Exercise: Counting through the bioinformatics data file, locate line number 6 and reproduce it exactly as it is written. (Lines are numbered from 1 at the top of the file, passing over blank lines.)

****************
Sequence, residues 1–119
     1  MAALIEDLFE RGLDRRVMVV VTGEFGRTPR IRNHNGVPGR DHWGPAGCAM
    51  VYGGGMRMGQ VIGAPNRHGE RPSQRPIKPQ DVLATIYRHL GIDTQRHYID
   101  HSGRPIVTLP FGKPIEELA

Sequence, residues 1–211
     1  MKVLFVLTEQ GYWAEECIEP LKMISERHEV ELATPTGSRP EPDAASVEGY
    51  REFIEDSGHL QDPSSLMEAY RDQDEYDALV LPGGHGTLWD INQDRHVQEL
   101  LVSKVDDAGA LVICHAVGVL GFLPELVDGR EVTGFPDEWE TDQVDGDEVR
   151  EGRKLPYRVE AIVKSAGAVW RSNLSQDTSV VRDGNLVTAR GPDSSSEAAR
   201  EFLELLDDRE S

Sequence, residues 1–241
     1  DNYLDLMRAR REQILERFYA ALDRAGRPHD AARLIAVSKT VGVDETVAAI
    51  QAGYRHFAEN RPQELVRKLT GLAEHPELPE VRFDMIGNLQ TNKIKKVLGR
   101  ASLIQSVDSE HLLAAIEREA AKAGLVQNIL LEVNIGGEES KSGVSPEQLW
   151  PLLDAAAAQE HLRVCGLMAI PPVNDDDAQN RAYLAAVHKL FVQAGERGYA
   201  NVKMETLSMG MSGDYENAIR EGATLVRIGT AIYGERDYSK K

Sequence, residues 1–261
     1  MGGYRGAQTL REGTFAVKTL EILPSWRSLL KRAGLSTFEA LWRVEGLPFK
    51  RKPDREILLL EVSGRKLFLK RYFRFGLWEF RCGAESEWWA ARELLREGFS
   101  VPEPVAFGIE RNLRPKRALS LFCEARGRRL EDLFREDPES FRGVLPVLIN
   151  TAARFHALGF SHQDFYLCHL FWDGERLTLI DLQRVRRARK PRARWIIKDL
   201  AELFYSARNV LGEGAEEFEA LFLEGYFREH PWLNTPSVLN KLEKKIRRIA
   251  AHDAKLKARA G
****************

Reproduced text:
     1  MKVLFVLTEQ GYWAEECIEP LKMISERHEV ELATPTGSRP EPDAASVEGY